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Social historians, like the two authors of this book on medical detection, are not generally constrained to purely factual reportage of their chosen subject matter. They tend to delve into the broader implications of the issues they raise in the course of telling a story. Both what they write about (content) and the way they do it (form) may demonstrate their creativity. When content and form complement one another, interesting and even fascinating literature results. Political writers like Woodward and Bernstein (All the President's Men) and Richard Harris (A Sacred Trust) have been able to achieve this synthesis and have found mass market audiences. Few medical nonfiction writers have been as successful despite the fact that medical subject matter is inherently intriguing to the public. In the genre of "medical detection," Berton Roueché is perhaps the best-known and most accomplished author. It is understandable, then, that others would attempt to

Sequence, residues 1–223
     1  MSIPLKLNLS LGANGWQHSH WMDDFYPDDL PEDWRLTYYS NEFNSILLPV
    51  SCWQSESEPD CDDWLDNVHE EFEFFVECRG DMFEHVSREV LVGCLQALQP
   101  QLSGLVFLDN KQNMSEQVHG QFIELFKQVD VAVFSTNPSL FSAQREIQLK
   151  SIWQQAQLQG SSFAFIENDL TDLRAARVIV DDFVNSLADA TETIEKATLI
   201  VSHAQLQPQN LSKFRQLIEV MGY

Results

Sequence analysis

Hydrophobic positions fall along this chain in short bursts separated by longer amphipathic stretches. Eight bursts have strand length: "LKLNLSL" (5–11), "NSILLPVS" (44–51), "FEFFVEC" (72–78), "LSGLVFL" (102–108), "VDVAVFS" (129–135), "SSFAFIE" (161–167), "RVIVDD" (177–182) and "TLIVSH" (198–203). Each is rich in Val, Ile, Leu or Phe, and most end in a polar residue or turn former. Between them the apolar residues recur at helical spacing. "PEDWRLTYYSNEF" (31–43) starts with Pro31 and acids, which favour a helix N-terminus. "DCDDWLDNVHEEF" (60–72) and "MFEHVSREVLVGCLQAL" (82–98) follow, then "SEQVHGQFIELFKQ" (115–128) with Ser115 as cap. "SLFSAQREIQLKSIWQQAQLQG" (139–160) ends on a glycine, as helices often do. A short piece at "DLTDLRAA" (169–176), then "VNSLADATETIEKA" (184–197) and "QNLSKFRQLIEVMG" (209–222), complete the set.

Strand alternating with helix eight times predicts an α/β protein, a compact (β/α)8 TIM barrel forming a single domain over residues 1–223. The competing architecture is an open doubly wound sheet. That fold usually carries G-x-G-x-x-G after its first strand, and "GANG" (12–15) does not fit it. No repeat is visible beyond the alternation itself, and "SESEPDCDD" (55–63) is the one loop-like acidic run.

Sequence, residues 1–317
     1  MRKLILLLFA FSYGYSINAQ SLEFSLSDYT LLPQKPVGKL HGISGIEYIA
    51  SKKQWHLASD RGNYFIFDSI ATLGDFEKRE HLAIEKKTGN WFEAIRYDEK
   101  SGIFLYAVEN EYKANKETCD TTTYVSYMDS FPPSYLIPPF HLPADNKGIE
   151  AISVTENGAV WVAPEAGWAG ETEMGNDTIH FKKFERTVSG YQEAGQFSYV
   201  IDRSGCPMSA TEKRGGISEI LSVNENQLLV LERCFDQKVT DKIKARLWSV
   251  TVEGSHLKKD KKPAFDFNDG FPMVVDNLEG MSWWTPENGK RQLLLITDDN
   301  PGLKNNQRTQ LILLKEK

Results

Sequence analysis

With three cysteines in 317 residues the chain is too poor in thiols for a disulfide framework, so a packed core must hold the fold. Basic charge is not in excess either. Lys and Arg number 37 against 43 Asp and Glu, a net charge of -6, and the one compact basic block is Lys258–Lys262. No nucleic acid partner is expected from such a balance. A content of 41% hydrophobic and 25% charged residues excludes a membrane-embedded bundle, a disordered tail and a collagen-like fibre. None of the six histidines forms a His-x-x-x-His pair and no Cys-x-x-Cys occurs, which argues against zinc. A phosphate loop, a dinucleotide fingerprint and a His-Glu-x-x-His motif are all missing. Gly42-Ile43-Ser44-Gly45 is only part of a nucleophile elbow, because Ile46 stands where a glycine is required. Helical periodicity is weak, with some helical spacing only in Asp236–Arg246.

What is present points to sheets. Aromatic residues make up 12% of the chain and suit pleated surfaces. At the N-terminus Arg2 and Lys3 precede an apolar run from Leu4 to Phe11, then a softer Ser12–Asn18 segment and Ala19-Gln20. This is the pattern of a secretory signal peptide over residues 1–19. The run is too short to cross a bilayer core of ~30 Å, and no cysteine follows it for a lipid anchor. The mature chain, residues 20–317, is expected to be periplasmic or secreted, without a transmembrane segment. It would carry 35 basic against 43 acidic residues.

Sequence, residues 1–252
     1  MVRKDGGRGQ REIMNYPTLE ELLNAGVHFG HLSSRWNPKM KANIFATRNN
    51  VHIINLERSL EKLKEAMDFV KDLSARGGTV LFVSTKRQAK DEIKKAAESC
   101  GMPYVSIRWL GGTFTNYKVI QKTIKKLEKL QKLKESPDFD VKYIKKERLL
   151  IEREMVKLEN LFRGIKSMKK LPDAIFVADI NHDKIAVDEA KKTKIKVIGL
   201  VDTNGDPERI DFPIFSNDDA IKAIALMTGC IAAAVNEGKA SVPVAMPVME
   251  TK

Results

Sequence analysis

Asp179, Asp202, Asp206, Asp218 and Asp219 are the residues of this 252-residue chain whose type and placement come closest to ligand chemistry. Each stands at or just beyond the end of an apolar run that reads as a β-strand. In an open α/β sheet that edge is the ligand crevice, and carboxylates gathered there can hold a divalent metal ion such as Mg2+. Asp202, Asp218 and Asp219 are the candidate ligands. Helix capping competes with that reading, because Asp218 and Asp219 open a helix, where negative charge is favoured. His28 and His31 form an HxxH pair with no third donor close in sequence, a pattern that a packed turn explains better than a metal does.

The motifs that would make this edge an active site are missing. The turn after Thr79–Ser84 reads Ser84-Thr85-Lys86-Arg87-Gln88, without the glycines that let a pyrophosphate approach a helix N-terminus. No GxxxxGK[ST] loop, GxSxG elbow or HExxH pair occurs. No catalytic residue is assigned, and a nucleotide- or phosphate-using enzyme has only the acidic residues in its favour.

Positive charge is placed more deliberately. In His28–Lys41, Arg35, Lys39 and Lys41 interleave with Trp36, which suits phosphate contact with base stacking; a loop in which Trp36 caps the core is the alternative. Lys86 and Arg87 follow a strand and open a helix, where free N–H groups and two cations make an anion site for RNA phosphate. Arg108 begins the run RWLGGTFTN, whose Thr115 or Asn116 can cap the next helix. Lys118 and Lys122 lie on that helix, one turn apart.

BORGENICHT L. Anatomy of an Epidemic. JAMA. 1983;249(1):93. doi:10.1001/jama.1983.03330250067036
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